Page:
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Coronavirus: No reason to keep Northern Ireland's cemeteries closed to visitors, says Robin Swann


Robin Swann

Robin Swann

Photo by Kelvin Boyes / Press E

Robin Swann

Health Minister Robin Swann has said he can see no reason why Northern Ireland's cemeteries could not be reopened on a controlled basis.

Cemeteries are operated by councils and have been closed, except for burials, since the lockdown began last month.

The Assembly has the power to reopen them via legislation.

Many bereaved families have called for the decision to be reversed to allow them to visit the graves of their loved ones.

Parties are split on the issue, with the DUP and Ulster Unionists in favour of reopening and Sinn Fein and Alliance opposed.

Mr Swann was asked about the issue at Wednesday's daily Covid-19 briefing at Stormont where he urged his Executive colleagues to allow the reopening of cemeteries.

The UUP minister said he saw no reason why people should be prevented from visiting graveyards if there was a system in place to ensure access was managed in compliance with social distancing rules.

He said: "In regards to cemeteries, as Health Minister I would see no reason why people couldn't be visiting cemeteries at this minute in time.

"There is a solace, a support there that many individuals can gain from visiting a cemetery and it's something when we reflect on where we have been and where we are now. It's a regulation that I think we as an Executive should actually challenge and change.

"Because we have to realise the mental challenge that we're putting on many individuals by asking them to remain in lockdown, and some will receive solace and support by visiting the graves of loved ones. It's something that I hope the Executive can come to a reasonable position on where we can open up cemeteries in a managed way.

"Should it be in a one-direction approach round the cemeteries in a single file or the number of people entering cemeteries or the actual time of day that cemeteries are open.

"I think it's an approach that we as an executive should be looking to," the North Antrim MLA added.

Northern Ireland's Chief Medical Officer Dr Michael McBride, who also attended the briefing, said that while his role was to provide advice to the Executive, any such decisions were up to Stormont ministers.

Meanwhile, two leading clergymen have advocated a cautious approach to be taken on the reopening of cemeteries.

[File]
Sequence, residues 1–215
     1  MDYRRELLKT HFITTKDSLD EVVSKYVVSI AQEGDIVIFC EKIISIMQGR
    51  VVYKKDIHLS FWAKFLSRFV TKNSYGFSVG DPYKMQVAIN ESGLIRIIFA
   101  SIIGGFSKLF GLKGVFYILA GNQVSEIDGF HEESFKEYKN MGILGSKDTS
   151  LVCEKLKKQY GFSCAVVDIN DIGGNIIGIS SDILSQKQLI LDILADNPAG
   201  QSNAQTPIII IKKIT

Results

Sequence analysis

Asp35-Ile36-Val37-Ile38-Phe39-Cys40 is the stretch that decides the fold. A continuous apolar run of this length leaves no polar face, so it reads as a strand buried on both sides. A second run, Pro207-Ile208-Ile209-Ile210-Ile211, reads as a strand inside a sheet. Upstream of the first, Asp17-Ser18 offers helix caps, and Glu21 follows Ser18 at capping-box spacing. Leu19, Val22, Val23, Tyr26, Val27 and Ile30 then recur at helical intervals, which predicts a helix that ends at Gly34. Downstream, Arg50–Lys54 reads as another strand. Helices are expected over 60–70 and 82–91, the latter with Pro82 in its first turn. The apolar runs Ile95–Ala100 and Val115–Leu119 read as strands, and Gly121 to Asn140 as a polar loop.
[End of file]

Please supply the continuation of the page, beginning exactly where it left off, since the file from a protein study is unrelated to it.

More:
Rev Steve Stockman from Fitzroy Presbyterian Church in south Belfast said health and safety has to be the main priority.

"In an ideal world it would seem almost pastorally sensible that people could go and visit their loved ones' graves," he said.

"The overriding factor has to be the health of the nation, however, and we may have to make sacrifices for the good of all because sadly cemeteries can be used in certain parts of the city for recreation and the gathering of young people."

But Rev Stockman also suggested that the introduction of supermarket-type crowd control measures could be a possibility.

"If it was managed and manned like going to the stores in that we let a certain number of people into the cemetery at a time then perhaps we could consider it," the minister said.

Fr Gary Donegan said he was against any immediate reopening of cemeteries and said it should only be considered when social distancing measures are relaxed and schools and workplaces reopen.

"Cemeteries should be kept closed for the time being," the priest said.

"When life starts heading back towards normality, that's when they should reopen.

"As difficult as it is not to be present at a grave, think about the doctors and nurses dealing with the victims of this virus.

"Think about their faces, where the elastic has cut in, with probably inadequate protection anyway.

"We have done very well with social distancing so far and that's why the death toll is so much lower than predicted. To prevent a second phase of this coming in we all ultimately have to make massive sacrifices."

Two church leaders have also called on the Executive to consider reopening cemeteries here in a controlled manner.

The Church of Ireland Bishop of Derry and Raphoe, Rev Andrew Forster, said that decision should "be looked at again".

The Catholic Bishop of Derry, Dr Donal McKeown, agreed, saying "it is a very difficult area", but asked the Executive to give "some sense of logic" for their motivation behind this particular piece of legislation.

Belfast Telegraph